Can psychological factors help us to determine adherence to CPAP? A prospective study.
Wild MR., Engleman HM., Douglas NJ., Espie CA.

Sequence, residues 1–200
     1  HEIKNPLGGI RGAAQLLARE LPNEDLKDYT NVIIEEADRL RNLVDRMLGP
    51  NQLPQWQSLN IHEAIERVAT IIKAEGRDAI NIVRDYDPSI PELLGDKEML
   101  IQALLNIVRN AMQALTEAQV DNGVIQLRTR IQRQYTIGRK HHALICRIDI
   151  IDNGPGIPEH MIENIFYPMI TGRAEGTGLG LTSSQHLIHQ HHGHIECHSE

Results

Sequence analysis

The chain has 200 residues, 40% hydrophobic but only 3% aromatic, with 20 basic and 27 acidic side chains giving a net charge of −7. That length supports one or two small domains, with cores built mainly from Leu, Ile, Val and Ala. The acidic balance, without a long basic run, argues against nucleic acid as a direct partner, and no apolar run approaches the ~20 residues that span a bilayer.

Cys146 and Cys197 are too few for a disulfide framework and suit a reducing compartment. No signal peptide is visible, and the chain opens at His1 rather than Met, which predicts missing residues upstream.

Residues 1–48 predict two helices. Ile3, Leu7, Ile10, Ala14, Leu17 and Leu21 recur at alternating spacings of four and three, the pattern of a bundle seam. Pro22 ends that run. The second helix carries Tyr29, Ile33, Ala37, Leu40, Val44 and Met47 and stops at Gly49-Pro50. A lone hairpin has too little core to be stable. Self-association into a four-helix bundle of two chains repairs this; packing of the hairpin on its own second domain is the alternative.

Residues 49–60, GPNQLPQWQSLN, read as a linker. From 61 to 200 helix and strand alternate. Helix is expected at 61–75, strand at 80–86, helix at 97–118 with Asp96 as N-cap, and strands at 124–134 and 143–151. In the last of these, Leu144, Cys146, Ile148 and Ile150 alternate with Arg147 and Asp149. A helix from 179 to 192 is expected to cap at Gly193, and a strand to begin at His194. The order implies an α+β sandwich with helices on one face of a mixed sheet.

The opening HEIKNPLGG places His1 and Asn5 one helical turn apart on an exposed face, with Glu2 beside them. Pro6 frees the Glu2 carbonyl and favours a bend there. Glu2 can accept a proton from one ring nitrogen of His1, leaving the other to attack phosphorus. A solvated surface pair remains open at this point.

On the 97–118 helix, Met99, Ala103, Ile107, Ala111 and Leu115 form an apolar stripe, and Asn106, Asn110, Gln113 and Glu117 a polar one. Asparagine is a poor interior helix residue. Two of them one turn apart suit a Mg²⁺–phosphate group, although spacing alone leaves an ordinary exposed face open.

The present study objective was to establish whether pretreatment social cognitive variables may contribute to the explanation of variance in adherence to continuous positive airway pressure (CPAP) treatment for patients with obstructive sleep apnoea/hypopnoea syndrome (OSAHS). A total of 119 of 180 consecutive OSAHS patients were recruited to the study prior to initial CPAP titration. Patients completed psychological measures of health value, health locus of control (incorporating internality, chance, powerful others) and self-efficacy prior to CPAP titration. Objective adherence data were measured by CPAP unit time clocks and collected at 3-month follow-up. Average nightly use was calculated over this period. Logistic regression of prospective predictors of adherence produced a model comprising psychological (health value, internality, powerful others), as well as clinical variables (Epworth score, body mass index, apnoea/hypopnoea index, CPAP pressure). This model explained 24% of the variance in CPAP use, and correctly identified 75% of adherers and 53% of nonadherers. Although the psychological variables explained only a small amount of the overall variance in adherence behaviour, this result provides further support for the hypothesis that psychological variables contribute, in part, to continuous positive airway pressure adherence. Future research should focus on highlighting discrete variables, which may helpfully inform psychologically based interventions aimed at improving the use of continuous positive airway pressure by patients with obstructive sleep apnoea/hypopnoea syndrome at risk of discontinuance.